IPhone’s “Su­per Mario” has nos­tal­gia, sur­prises

The Denver Post - - SPORTS - By Hay­ley Tsukayama

Nin­tendo is get­ting se­ri­ous about its play for mo­bile screens, launch­ing its first real smart­phone game star­ring its most iconic char­ac­ter: Mario.

The app, called Su­per Mario Run, hit Ap­ple’s App Store on Thurs­day. It’s a key mo­ment for Nin­tendo, which has had a hard time shift­ing to ca­sual gam­ing on smart­phones. Smart­phones have in­tro­duced more peo­ple than ever to games but can also shift buy­ers away from game con­soles and hand­held de­vices such as Nin­tendo’s 3DS.

Su­per Mario Run is a lot of fun. The de­sign­ers have man­aged to make a game that blends nos­tal­gia and the touch screen. The story is ex­actly the same – Bowser has taken Princess Peach and you have to save her – and you also must re­build your king­dom. The set­ting is fa­mil­iar, and goom­bas and koopas are still try­ing to block your way to your goal.

Yet some things have been stream­lined for the touch screen. Su­per Mario Run is an end­less run­ning game, which means you’re al­most al­ways run­ning for­ward. That could frus­trate some play­ers. Also, you can’t go back and pick up coins you missed nor take lit­tle jaunts down the pipes.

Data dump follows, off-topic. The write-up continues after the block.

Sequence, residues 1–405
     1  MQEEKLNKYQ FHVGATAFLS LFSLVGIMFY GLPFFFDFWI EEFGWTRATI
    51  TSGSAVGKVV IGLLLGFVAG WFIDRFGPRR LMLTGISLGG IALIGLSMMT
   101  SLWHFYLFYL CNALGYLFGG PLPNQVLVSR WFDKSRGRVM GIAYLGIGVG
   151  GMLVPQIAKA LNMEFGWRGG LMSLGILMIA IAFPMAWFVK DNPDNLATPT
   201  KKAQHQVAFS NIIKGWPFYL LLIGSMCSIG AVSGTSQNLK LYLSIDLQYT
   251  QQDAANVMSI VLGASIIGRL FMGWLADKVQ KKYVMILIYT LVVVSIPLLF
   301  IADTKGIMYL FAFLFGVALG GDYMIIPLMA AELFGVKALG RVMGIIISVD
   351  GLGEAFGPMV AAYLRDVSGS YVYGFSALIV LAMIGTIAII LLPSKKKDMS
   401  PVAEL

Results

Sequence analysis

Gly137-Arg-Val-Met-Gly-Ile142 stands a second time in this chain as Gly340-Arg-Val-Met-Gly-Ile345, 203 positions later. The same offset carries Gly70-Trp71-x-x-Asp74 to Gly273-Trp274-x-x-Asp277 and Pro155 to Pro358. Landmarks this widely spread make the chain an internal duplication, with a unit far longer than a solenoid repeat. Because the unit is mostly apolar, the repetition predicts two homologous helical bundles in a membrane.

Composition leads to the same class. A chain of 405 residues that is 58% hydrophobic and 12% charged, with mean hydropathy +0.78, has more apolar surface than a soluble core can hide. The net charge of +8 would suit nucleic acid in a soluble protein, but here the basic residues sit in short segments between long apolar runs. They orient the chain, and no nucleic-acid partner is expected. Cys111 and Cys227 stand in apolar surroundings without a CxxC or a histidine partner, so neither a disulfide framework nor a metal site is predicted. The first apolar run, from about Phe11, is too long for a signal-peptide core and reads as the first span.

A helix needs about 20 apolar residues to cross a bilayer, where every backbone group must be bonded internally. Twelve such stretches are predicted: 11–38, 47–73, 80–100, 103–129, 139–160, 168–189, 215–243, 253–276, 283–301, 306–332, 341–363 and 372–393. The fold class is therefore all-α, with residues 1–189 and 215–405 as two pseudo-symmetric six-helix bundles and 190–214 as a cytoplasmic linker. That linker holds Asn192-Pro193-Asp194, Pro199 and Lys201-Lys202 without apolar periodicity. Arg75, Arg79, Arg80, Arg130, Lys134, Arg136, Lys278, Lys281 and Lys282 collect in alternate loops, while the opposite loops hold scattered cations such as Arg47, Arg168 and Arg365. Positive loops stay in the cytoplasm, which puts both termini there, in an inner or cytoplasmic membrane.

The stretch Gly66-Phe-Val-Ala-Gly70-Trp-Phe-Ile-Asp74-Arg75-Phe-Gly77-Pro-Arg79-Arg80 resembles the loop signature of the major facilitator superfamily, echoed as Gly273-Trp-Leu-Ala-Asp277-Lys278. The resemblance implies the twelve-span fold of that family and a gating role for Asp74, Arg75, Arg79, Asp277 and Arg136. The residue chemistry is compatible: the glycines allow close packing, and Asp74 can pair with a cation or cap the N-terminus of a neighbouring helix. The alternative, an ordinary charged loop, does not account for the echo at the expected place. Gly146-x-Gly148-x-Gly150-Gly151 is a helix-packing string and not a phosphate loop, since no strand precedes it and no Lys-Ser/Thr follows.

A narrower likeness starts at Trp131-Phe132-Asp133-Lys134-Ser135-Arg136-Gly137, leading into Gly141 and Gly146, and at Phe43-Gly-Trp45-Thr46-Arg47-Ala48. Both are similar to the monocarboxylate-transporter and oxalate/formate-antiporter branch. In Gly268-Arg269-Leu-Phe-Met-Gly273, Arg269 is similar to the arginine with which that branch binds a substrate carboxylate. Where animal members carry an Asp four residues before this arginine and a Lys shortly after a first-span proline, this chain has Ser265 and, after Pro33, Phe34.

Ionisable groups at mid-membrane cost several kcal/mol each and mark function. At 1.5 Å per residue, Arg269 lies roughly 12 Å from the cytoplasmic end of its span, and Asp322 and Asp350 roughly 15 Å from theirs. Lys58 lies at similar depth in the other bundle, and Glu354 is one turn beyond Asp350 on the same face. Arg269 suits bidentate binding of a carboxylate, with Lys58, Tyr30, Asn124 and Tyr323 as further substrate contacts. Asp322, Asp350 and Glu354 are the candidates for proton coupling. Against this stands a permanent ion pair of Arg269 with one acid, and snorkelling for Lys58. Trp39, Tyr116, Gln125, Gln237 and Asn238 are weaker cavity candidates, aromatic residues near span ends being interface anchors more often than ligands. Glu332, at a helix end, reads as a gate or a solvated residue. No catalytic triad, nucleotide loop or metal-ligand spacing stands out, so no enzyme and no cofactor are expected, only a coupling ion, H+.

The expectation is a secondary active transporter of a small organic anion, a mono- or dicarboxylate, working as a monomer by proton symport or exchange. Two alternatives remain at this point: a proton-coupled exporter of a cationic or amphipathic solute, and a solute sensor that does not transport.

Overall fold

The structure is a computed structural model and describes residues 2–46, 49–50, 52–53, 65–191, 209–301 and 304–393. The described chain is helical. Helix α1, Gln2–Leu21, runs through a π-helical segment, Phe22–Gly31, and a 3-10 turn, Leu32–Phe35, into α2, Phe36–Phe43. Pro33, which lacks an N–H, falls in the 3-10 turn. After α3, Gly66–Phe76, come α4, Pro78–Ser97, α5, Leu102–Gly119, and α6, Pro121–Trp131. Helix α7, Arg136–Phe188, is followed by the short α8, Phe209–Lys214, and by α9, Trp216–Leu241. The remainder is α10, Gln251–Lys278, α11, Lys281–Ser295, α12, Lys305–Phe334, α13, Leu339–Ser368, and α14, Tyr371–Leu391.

What you can do is jump. A lot. Tap­ping the screen will make Mario catch some air — the longer you hold down your fin­ger, the higher he goes be­fore grav­ity kicks in. He can also vault off cliff edges and walls. Once you ac­cept your per­pet­ual for­ward mo­tion, fig­ur­ing out how to get where you want to go be­comes a fun puz­zle.

Play­ers will def­i­nitely get re­play value out of the game. Go­ing through a level again will let you go down roads not trav­eled be­fore. Play­ers also col­lect dif­fer­ent-col­ored coins through­out the game, and the color and place­ment of those coins changes as you meet your ob­jec­tives.

The main draw­back of Su­per Mario Run is that, in its free ver­sion, it’s very short.

The free down­load gets you only three lev­els — that doesn’t even get you to the first cas­tle. The full ver­sion of the game costs $10. That price would prob­a­bly feel right for the 3DS or the Wii, but it may seem high to peo­ple who play games mostly on smart­phones.

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